If I ever needed one, she thought angrily, it’s now. Parents, guidance counselors, teachers, they always say they’ll be there for me when I need them, but where are they all now?
Abby flung herself face down onto the bed, drowning her face in her pillow to mutte the heart-wrenching sobs that she was sure could not be hers. Gradually, her back still rising and falling, the sobs began to come more softly, in a certain rhythm, a certain pattern, and she began to relax. Her breathing began to come easier, and she drifted off to sleep at last, to a different kind of lullaby; the feel of hot tears running down her cheeks, the sound of her own ragged breathing, her own crying. Her lullaby.
It was midnight. Abby knew that she must have fallen asleep at some time, because she had just woken up. She put out her hand and felt her pillow—it was still damp from her own tears. She heard the sound of a car pulling into the driveway, heard her mom come in and get into bed. Abby resented that her mom had been out so late without even specifying where she was going, but she knew that her dad’s leaving must have been just as traumatic for her mom as it was for her, alone in the master bedroom, in the queen-sized bed by herself. Even with her mom back in the house, Abby could not shake off the emptiness, and she felt a strange tug inside when she realized that her mom had not come in to say goodnight, as she always had before. Desperately she insisted to herself that there must be a way to make the loneliness go away, she just hadn’t found it yet. Suddenly something her English teacher had told her class just the day before came rushing back.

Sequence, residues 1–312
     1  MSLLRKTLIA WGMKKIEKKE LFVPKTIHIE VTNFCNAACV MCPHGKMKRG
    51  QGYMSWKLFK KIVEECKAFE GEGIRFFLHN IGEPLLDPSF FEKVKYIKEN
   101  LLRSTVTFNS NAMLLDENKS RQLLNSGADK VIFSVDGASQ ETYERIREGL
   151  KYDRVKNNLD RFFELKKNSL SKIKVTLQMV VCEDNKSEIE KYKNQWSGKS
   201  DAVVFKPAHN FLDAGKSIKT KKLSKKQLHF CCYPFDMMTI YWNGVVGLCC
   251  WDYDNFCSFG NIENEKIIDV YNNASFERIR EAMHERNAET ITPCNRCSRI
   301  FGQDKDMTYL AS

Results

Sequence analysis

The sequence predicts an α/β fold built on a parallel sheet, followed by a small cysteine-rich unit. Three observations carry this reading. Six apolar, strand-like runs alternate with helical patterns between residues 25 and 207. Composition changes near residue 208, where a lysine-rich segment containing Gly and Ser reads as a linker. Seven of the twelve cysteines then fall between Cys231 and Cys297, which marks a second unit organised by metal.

“Poetry can be therapeutic,” Ms. Stevens had said. “Write what you feel. It’ll make you feel a lot better afterwards, I promise.” The kids in her class had moaned and groaned, saying they would never in their lives write poetry of any kind, but Abby had tucked away that information for future use, thinking there might be a time when she needed something like that.
Abby flicked on her bedside lamp, and reached for a pen and paper. Maybe Ms. Stevens was right, maybe she wasn’t. There was only one way to find out. She grabbed up the pen and began scribbling frantically, crossing out, rewriting, crumpling the page, and starting over again until she was finally satisfied.
The lights flicker off, I listen, but all is quiet— too quiet. Where are those days when someone would sing me to sleep, gentle notes luring me slowly to dreamland, filling the silence, my lullaby? Nothing can cover the emptiness like the sound of someone singing, sweetly singing. I open the window hoping to hear the sounds of the summer’s night, but no chorus of crickets chirping no soothing warm breeze or flicker of fireflies can mask the feeling in me, take away my fears. I hear as though from far away, the window slam shut, feel the glass beneath my hands, and I cry myself to sleep— a different kind of lullaby.
She read it, and then again and again. Ms. Stevens had been right; she did feel better, much better, as if a huge weight had been lifted off her shoulders. A poem. In a sense, it too was a lullaby, just as her tears had been. But this kind of lullaby helped her give names to her feelings; let her know they were real, that maybe even somewhere there was someone else who was experiencing the same thing. Maybe she would show it to someone, maybe she wouldn’t. Not yet, anyway. She wasn’t ready quite yet. It was her poem, her lullaby, one only for her.